Afghan rebels (left) at press meet with Defence Minister
Even as I was in Kabul, sections of Afghan opposition which were at war with the then Afghan government seemed keen to give up arms. Officials told me, about 2,000 armed men surrendered their weapons on January 18 and signed a peace protocol in Herat province, and this had become a “regular feature” in Afghanistan. One Ishhan Bahbah of the Baghban province and three other rebel leaders, Mohammad Ahmed Yaqubi, Nasiruddin Amin and Nizamuddin Wahdad, addressed a press conference. Wahdad, we were told, had returned from Pakistan, from where he was fighting.
No doubt, Najib faced a Herculean task: The armed rebels were an estimated 70,000 strong, but what I failed to understand as to why was the US supporting the Mujahideen, who were bigots of the worst type. There was enough reason give Najib a chance. Indeed, Najib’s reconciliation plan was strongly progressive in a feudal-tribal setup.
It consisted of mutually acceptable dialogue and rational compromise, a multi-party system, membership to 'any patriot' in the National Front mass organisation, accommodation and land, education for children, employment in their previous places of work, including to servicemen, pardon to army offiders who had deserted and prisoners, except those who involved in criminal cases, tax exemption and loan from agricultural development bank on easy terms etc.
Himself highly educated, after studying at the Habibia High School in Kabul, Najib, who was a Gorbachev favourite, one reason why he was installed as Afghan president despite opposition from within the Soviet Communist Party, went to St Joseph's School in Baramulla, Jammu and Kashmir. At Kabul University he completed Bachelor of Medicine and Bachelor of Surgery (MBBS) degrees in 1975, though soon thereafter he joined politics.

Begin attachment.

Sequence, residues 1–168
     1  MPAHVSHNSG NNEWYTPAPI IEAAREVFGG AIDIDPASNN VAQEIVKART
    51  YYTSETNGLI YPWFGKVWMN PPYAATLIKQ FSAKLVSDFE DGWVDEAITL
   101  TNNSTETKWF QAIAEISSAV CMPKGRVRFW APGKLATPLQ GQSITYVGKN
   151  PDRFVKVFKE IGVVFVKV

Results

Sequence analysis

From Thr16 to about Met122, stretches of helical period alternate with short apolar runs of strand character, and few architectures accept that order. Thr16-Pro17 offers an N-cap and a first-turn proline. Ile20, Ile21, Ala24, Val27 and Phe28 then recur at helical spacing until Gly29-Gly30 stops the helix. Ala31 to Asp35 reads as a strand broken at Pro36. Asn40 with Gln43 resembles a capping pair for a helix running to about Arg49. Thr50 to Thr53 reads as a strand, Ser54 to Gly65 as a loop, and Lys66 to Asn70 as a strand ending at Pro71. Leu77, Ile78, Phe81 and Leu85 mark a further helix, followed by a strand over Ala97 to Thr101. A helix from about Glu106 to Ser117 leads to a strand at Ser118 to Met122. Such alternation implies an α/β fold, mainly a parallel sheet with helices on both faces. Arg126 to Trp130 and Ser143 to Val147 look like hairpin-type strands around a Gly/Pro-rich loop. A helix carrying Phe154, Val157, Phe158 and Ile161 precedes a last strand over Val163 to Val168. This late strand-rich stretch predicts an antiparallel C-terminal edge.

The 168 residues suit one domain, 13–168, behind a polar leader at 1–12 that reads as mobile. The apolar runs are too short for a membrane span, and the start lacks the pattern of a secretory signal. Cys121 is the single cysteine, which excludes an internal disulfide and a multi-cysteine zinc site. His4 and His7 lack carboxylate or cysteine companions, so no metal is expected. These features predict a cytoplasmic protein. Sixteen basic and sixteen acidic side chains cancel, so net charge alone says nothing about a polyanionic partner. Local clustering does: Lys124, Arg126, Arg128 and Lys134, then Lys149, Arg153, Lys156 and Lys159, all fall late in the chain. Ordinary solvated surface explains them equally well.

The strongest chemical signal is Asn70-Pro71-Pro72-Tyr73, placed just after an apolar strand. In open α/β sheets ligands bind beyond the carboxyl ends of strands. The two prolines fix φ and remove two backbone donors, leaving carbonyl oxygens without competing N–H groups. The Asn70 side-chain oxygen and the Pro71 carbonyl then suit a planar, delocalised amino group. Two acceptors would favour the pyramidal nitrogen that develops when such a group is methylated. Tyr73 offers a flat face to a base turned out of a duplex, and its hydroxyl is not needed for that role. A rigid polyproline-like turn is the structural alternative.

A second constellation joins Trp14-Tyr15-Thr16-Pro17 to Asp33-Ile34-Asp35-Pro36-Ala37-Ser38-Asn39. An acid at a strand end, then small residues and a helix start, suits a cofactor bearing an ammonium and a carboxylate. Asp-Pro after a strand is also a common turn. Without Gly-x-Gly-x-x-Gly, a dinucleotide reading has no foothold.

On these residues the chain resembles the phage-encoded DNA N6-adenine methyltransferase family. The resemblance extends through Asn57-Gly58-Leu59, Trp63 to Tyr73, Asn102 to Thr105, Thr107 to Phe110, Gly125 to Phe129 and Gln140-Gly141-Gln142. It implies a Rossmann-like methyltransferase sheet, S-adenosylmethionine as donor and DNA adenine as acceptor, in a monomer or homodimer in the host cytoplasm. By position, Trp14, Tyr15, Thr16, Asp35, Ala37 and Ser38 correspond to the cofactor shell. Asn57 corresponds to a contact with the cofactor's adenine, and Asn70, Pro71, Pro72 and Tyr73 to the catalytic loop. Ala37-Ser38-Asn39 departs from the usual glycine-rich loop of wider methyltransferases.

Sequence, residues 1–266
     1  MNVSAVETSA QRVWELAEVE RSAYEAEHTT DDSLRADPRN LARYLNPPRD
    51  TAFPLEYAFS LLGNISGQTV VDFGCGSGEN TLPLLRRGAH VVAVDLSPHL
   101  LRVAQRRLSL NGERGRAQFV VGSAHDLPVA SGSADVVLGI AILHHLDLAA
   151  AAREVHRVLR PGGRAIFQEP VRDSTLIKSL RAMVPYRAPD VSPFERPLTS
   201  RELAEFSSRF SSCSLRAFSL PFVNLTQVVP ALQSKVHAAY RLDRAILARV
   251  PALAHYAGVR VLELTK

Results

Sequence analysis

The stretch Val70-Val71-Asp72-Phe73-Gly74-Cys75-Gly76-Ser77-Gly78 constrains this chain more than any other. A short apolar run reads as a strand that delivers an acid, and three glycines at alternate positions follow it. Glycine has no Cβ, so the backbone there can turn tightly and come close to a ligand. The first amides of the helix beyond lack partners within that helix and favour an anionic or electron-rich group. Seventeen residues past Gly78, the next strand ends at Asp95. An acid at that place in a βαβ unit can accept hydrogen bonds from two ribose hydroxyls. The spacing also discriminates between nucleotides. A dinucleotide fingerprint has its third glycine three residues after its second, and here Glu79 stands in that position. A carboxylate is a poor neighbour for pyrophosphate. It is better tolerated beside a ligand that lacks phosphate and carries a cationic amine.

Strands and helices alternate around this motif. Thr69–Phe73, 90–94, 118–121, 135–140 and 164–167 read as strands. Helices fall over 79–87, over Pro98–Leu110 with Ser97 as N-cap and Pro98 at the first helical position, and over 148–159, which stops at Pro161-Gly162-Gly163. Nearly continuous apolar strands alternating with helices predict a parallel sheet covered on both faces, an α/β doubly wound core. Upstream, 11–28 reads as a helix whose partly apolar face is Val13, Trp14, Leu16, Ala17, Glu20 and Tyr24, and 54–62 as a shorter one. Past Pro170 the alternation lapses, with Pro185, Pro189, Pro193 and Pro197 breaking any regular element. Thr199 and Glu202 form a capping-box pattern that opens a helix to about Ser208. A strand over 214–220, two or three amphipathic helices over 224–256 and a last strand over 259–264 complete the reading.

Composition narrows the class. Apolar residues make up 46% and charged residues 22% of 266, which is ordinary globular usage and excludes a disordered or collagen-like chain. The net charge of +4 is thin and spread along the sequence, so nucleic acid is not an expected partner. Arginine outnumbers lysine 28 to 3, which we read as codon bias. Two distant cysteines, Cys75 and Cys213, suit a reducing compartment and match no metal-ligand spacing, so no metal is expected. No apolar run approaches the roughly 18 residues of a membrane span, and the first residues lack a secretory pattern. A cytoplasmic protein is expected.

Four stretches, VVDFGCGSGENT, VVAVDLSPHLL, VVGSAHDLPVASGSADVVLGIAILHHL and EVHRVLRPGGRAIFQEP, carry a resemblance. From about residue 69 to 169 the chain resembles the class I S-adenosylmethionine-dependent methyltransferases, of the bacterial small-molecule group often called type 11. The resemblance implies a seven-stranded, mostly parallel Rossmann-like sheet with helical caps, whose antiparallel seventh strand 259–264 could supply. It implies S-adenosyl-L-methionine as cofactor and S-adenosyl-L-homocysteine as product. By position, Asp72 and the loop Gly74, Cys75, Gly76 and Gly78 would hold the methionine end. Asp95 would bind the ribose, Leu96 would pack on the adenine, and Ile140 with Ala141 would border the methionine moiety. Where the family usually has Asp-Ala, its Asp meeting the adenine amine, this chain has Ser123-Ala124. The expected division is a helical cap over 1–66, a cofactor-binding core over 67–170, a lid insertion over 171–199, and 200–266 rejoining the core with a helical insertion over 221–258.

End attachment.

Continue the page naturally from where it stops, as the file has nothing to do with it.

Comments

Unknown said…
The Soviets help a lot built infrastructure, tunnels across the mountainous country which are there to this day. They also built schools, hospitals, universities, etc. The Americans almost did nothing during their 20 years of occupation. The American lackeys only concentrated on making money,while the Americans bombed the hell out of the countryside. The puppet régime was thus hated by the common Afghan.

India started off quite well and their development diplomacy was perhaps the only worthwhile develop work done in Afghanistan. However after Modi came to power, they took the destructive path of making their counsolates bordering Pakistan launching pad for subversive activities in Baloochistan in a bid to match ISI's activities in Kashmir. That way India lost the goodwill it earned due to development activities take up during Manmohan Singh's régime. Today Indians are looked down upon which was never the case even during the Taliban rule.
Y S Gill said…
The above comment is by Y S Gill